This obituary is part of a series about people who have died in the coronavirus pandemic. Read about others here.
Aruká Juma saw his Amazon tribe dwindle to just a handful of individuals during his lifetime.
Numbering an estimated 15,000 in the 18th century, disease and successive massacres by rubber tappers, loggers and miners ravaged his people. An estimated 100 remained in 1943; a massacre in 1964 left only six, including him.
In 1999, with the death of his brother-in-law, Mr. Juma, who like many Indigenous Brazilians used his tribe’s name as his surname, became the last remaining Juma male. The tribe’s extinction was assured.
Mr. Juma died on Feb. 17 in a hospital in Pôrto Velho, the capital of Rondônia state. He was believed to have been between 86 and 90. The cause was Covid-19, his grandson Puré Juma Uru Eu Wau Wau said.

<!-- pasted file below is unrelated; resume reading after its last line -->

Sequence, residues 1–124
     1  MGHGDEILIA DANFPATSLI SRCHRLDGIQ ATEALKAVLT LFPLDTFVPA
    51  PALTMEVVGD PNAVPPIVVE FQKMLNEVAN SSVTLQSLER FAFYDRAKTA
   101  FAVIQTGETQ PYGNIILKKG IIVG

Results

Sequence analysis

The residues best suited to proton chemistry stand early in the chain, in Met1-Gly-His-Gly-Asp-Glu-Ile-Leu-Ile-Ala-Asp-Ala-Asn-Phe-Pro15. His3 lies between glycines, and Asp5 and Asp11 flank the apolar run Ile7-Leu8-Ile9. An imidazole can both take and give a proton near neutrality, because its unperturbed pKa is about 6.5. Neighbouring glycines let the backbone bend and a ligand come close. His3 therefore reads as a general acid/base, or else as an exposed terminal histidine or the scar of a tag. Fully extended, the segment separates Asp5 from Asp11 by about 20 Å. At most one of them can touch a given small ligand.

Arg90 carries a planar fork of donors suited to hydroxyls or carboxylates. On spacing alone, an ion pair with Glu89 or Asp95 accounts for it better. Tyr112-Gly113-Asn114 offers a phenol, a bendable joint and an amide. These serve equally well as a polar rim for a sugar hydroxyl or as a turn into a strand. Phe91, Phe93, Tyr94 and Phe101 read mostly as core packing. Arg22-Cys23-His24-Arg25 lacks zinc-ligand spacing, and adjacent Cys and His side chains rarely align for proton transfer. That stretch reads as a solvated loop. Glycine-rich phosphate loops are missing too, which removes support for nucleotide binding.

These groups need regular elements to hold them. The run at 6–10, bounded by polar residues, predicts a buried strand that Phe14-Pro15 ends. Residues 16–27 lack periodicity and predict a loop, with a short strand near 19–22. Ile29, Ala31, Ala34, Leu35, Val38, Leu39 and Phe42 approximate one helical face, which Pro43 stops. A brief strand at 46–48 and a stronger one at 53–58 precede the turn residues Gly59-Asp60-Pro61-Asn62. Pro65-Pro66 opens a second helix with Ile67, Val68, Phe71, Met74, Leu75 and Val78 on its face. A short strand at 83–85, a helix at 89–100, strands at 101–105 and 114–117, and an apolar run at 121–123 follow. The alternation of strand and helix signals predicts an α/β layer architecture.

As the last fluent speaker of the tribe’s language, Mr. Juma’s death means that much of the tribe’s language and many of its traditions and rituals will be forever lost.
While most Brazilians would be hard-pressed to recognize his name or even locate his nearly 100,000-acre jungle reservation on a map, Mr. Juma’s tribe achieved a certain degree of notoriety. Anti-indigenous interests often held it up as an example of how the government went too far in protecting native peoples, such as granting ancestral lands regardless of a tribe’s size. Indigenous groups countered that the dwindling numbers resulted from centuries of attacks and government neglect and that denying the tribes their traditional lands would only reward genocide.
In 1998, under murky circumstances, federal officials removed Mr. Juma and his family from their land and brought them to neighboring Rondônia state in hopes they would marry into the related Uru Eu Wau Wau tribe as a way to partially preserve their culture.